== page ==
"We've seen a lot of success at the state level, particularly starting with Oklahoma in 2017," said Morgan, citing Dakota Access Pipeline protests as the motivation behind the aggressive lobbying effort. "We're up to nine states that have passed laws that are substantially close to the model policy that you have in your packet."
Big Oil is now using its political power to try and criminalize protests of oil & gas infrastructure.— Friends of the Earth (@foe_us) August 19, 2019
"This legislation has potential to punish public participation and mischaracterize advocacy protected by the First Amendment."https://t.co/bmiHjONEhy
The audio recording comes just months after Texas Gov. Greg Abbott signed into law legislation that would punish anti-pipeline demonstrators with up to 10 years in prison, a move environmentalists condemned as a flagrant attack on free expression.
"Big Oil is hijacking our legislative system," Dallas Goldtooth of the Indigenous Environmental Network said after the Texas Senate passed the bill in May.
As The Intercept's Lee Fang reported Monday, the model legislation Morgan cited in his remarks "has been introduced in various forms in 22 states and passed in ... Texas, Louisiana, Oklahoma, Tennessee, Missouri, Indiana, Iowa, South Dakota, and North Dakota."
"The AFPM lobbyist also boasted that the template legislation has enjoyed bipartisan support," according to Fang. "In Louisiana, Democratic Gov. John Bel Edwards signed the version of the bill there, which is being challenged by the Center for Constitutional Rights. Even in Illinois, Morgan noted, 'We almost got that across the finish line in a very Democratic-dominated legislature.' The bill did not pass as it got pushed aside over time constraints at the end of the legislative session."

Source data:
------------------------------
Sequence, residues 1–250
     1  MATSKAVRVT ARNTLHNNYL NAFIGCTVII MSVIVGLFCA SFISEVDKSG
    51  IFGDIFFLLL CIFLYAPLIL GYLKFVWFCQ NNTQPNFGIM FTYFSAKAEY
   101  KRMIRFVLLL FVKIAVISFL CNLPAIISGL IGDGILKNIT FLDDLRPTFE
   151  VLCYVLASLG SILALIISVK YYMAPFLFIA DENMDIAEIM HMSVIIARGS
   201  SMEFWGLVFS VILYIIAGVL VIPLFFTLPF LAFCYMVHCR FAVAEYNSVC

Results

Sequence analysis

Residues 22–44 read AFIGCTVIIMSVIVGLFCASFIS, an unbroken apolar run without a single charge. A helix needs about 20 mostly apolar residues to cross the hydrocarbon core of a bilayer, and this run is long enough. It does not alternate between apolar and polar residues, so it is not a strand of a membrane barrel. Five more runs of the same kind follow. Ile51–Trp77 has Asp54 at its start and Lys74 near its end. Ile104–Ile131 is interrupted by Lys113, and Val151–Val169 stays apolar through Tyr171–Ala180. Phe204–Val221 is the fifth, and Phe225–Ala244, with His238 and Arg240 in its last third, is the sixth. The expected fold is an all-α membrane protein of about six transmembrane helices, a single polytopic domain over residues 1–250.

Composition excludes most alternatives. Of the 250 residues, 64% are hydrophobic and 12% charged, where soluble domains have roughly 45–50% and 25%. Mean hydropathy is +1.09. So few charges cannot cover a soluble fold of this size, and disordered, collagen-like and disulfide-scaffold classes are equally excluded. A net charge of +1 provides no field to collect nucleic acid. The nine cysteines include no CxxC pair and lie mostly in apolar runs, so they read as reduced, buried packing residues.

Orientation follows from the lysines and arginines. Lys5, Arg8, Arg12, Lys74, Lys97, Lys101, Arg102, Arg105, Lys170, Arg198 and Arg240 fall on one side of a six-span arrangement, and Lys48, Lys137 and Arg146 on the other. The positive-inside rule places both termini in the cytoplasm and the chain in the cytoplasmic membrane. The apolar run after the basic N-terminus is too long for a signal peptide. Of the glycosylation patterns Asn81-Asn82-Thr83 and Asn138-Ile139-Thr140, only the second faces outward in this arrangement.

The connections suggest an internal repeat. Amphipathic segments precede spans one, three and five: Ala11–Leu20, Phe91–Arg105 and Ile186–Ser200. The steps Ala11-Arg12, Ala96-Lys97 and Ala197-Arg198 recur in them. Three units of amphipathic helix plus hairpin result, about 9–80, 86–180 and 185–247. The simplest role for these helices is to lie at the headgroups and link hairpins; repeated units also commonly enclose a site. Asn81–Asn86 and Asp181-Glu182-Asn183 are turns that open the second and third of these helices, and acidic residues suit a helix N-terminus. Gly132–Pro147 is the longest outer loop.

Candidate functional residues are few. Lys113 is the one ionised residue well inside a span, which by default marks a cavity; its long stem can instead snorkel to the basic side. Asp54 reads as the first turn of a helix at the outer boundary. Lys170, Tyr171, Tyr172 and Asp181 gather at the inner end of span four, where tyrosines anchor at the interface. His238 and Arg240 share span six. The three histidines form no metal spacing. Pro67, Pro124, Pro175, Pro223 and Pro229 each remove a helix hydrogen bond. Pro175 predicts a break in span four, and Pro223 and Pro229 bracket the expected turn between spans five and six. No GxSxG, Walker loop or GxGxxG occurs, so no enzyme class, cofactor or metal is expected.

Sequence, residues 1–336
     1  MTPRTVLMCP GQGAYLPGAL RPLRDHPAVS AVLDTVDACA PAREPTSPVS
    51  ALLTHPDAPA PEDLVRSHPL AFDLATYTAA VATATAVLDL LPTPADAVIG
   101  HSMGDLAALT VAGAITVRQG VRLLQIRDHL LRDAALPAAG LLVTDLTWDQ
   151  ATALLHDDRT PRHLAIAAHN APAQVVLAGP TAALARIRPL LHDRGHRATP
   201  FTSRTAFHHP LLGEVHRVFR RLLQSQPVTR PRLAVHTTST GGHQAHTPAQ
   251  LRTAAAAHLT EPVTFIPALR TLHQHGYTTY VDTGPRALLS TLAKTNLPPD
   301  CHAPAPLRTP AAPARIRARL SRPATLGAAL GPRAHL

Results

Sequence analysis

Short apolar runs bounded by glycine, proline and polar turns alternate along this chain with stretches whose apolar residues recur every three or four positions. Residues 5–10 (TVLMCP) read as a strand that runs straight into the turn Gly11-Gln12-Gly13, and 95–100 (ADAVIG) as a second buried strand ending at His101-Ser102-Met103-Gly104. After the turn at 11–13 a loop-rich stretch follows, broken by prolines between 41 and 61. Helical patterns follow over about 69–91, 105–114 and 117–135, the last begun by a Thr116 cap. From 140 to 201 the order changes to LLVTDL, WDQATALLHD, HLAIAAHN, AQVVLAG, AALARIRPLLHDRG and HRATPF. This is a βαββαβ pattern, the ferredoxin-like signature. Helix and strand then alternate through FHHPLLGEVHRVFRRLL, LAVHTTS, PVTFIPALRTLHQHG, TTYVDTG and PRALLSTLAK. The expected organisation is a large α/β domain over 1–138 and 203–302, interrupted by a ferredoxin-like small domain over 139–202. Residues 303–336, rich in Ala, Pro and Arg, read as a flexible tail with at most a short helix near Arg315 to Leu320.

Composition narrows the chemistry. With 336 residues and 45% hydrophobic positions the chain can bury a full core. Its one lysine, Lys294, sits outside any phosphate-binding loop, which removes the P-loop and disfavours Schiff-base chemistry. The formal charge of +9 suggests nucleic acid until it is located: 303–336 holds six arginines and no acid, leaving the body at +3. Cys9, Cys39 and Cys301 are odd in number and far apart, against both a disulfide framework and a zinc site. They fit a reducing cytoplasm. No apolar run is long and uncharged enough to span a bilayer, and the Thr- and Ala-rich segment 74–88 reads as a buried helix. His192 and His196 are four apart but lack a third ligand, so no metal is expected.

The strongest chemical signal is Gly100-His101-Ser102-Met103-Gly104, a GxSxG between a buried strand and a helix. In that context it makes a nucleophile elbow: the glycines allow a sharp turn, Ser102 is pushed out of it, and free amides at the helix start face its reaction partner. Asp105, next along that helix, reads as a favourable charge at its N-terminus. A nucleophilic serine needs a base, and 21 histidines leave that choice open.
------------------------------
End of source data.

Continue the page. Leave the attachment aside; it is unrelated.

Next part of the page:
Many of the state bills restricting the right to protest have been "drafted by companies and passed through groups like ALEC, the secretive group of corporate lobbyists trying to rewrite state laws to benefit corporations over people." @greenpeaceusa https://t.co/ZxpTjWdrwT— Stand Up To ALEC (@StandUpToALEC) May 6, 2019
Reposted with permission from our media associate Common Dreams.
The last four members of an embattled wolf pack were killed in Washington State Friday, hours before the court order that could have saved them.
Hawaii's Kilauea volcano could be gearing up for an eruption after a pond of water was discovered inside its summit crater for the first time in recorded history, according to the AP.
By Randi Spivak
Slashing two national monuments in Utah may have received the most attention, but Trump's Interior Department and U.S. Forest Service have been quietly, systematically ceding control of America's public lands to fossil fuel, mining, timber and livestock interests since the day he took office.
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By Sue Branford and Thais Borges
Ola Elvestrun, Norway's environment minister, announced Thursday that it is freezing its contributions to the Amazon Fund, and will no longer be transferring €300 million ($33.2 million) to Brazil. In a press release, the Norwegian embassy in Brazil stated:
Gina Lopez, a former Philippine environment secretary, philanthropist and eco-warrior, died on Aug. 19 from brain cancer. She was 65.